Being able to select a young red wine full of tannins and fruit and predict its greatness in 10 + years hence is an art. To the uninitiated, the wine could be almost undrinkable. However, to a trained and experienced wine drinker a relatively easy thing to accomplish.

Similarly, choosing your leadership team members from existing managers and staff is an art. The experience will make you better, but at first, there will be missteps. We all know that many great individual contributors cannot make the step up to management. In the same way, many managers cannot make the step up to be leaders.


Why set up a leadership team?

Most of the business owners I meet who have a reach a plateau in their business’ growth is yet to put in place a leadership team. This means the owner is still too much “in the business” and each aspect of the business is too reliant on her. Giving due consideration and investment in a leadership team will gradually permit her to move up “onto the business” and gain more time to think and strategise.

Lynda McDermott, in her short piece, “Key Considerations for Developing Leadership Team”, lists several questions to ask yourself before setting the team up. These include aspects around accountability, collaboration, culture and effectiveness. Typically, the leaders will represent various functions from across the organisation.

The most successful leadership team I established had featured diversity in personality, business skills, gender and ethnicity. It is important for every member to have a distinct role and a reason for being in the team, no passengers, only drivers.

Respect and synergy are gained by regular communications meetings which can be face to face, phone or video conference. The most important is a meeting structure with minutes and action register. This holds people accountable and focused promptly. The most extreme communications forum I have experienced for a small business owner was to hold a leaders’ breakfast at a local cafe each morning from 7:30 am. I think this is a bit controlling and extreme, but a weekly communications meeting can be effective. Of course, a quarterly or semi-annual offsite to reset and align is paramount.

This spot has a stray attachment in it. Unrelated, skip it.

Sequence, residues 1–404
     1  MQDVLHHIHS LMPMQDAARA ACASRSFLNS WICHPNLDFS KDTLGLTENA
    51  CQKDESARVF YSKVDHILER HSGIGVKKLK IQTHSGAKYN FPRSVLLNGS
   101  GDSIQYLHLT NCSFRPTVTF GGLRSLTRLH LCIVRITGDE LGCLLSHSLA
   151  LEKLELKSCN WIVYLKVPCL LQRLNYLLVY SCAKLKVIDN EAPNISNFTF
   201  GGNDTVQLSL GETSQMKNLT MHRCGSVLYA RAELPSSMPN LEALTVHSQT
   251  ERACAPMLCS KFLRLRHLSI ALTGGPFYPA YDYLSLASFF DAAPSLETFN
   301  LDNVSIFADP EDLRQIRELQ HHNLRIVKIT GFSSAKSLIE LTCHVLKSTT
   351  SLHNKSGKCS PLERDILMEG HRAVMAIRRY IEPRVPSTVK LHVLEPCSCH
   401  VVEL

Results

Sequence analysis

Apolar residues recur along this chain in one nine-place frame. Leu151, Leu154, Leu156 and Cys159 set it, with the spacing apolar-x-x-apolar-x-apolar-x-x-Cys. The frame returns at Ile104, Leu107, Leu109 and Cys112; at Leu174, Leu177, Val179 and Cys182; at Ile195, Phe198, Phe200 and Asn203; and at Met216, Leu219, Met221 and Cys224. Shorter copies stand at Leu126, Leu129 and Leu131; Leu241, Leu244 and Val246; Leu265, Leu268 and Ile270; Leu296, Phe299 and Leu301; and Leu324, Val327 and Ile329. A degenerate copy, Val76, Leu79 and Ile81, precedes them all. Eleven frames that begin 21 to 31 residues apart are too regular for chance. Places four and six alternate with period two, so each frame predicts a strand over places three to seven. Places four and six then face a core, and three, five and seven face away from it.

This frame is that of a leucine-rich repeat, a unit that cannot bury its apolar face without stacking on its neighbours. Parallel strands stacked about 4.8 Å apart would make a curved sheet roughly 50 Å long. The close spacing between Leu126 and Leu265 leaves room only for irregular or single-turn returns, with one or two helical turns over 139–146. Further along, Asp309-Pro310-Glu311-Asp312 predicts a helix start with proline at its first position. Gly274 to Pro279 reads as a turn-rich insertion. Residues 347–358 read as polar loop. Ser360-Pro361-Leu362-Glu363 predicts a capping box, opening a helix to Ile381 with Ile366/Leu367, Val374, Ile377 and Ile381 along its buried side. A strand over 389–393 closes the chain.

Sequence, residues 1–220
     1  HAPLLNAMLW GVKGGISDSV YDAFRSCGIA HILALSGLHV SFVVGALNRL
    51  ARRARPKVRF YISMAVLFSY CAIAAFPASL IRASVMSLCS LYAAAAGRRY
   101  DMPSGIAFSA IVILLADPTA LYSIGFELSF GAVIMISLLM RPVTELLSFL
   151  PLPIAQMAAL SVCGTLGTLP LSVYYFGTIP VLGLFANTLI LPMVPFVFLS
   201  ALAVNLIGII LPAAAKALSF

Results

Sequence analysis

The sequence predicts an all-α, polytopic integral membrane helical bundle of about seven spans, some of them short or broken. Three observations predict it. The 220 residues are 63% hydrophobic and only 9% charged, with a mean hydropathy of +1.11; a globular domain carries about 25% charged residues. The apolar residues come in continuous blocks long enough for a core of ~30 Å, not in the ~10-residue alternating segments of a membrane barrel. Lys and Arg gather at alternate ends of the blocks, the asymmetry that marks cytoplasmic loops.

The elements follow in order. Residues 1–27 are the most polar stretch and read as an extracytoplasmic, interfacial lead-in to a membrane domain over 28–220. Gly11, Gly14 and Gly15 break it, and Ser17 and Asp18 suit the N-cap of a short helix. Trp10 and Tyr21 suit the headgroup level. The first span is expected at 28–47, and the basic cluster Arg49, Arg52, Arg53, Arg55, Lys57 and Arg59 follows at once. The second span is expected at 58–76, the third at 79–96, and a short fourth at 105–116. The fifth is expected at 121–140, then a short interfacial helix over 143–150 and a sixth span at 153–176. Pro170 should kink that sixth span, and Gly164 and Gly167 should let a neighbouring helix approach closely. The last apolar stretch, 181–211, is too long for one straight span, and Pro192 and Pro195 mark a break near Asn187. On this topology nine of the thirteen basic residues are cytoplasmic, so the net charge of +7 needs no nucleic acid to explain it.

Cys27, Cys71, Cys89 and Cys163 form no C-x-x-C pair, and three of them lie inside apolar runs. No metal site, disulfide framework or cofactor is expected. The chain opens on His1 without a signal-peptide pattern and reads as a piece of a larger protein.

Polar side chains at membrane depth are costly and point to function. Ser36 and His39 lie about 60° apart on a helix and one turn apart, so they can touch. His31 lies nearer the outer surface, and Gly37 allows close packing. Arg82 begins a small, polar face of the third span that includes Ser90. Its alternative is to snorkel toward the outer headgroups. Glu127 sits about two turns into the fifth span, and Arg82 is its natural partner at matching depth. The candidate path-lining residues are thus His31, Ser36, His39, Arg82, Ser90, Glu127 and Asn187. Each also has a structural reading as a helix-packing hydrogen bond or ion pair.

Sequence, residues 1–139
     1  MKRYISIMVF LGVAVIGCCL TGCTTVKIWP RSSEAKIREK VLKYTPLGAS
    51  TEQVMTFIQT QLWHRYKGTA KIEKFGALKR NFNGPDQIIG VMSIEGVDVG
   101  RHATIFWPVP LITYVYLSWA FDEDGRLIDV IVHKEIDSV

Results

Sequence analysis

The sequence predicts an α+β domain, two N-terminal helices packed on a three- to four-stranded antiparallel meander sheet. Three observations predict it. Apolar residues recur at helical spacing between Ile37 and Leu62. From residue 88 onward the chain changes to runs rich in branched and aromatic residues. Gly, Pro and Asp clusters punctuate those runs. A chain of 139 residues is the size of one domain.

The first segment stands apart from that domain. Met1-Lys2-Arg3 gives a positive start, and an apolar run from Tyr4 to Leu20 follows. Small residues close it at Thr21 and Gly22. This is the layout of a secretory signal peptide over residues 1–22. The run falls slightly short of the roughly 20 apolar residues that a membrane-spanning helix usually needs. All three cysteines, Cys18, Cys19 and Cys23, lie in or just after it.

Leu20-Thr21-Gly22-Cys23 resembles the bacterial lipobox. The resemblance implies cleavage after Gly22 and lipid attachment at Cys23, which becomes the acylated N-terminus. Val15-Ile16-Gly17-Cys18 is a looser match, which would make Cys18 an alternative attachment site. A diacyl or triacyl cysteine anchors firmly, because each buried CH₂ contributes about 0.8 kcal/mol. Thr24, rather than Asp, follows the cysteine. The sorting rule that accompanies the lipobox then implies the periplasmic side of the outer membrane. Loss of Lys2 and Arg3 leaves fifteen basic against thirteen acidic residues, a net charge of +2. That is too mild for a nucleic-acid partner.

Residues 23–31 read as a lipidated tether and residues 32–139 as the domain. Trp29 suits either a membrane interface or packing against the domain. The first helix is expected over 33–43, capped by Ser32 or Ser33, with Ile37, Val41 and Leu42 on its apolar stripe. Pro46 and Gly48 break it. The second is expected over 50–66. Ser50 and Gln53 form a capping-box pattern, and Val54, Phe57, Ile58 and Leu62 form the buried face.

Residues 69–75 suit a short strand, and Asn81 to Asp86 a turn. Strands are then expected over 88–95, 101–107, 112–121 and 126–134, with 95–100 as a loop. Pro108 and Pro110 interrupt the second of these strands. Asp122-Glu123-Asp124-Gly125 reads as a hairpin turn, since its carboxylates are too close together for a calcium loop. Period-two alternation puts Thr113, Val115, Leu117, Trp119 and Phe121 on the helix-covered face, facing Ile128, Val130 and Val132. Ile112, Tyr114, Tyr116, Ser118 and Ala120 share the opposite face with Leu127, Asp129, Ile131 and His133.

It’s a small business. Therefore, during the meeting, the leaders should take turns in taking the minutes and updating the action register. This includes the business owner. An administration resource does not need to be in attendance and also serves as an equaliser in the team.

Another consideration is the inclusion and balance between back office and front office leaders. The key business units should be represented, but so should the key back office functions such as finance, marketing and People & Culture. The rift or communication gap between sales and back-office functions can be alleviated and become extremely positive through the increased level of communication afforded by the leadership forum. This also opens up a leadership position for younger members who may not sit in a power position in the organisation chart but are, in fact, powerful and need to be fast-tracked in the leadership opportunity.

The elected leaders, many not all work out. Some will not like the role. Technically, each leader is expected to wear a different hat when they are in the leadership forum. The business unit or functional responsibility needs to give way to a more corporate perspective. At first, young leaders find this difficult, but as the experience deepens the ability to think at different levels develops.

What about training?

A lot of smaller businesses invest in onboarding staff and even development over the first few months. Less invest in management training and even fewer in leadership training. The well-worn saying is: “leaders are born and not made’’ as with most things in life, it comes down to aptitude. If someone has leadership aptitude, but you don’t invest in them, then they will more than likely not reach their potential. Try to avoid soft team building systems without an ongoing strategy or development plan. There are many leadership programs run by business schools and smaller consulting firms. Shop around and find the best program that matches your company culture and strategy.

As with aging great red wine, you are developing leadership and leadership teams takes time. However, I have found that if you are prepared to invest in great people and develop them up, then a business can raise itself off the plateau and start the growth trajectory again and allow you to enjoy the hard work and investment you have made.


Key considerations for developing leadership teams – Lynda McDermott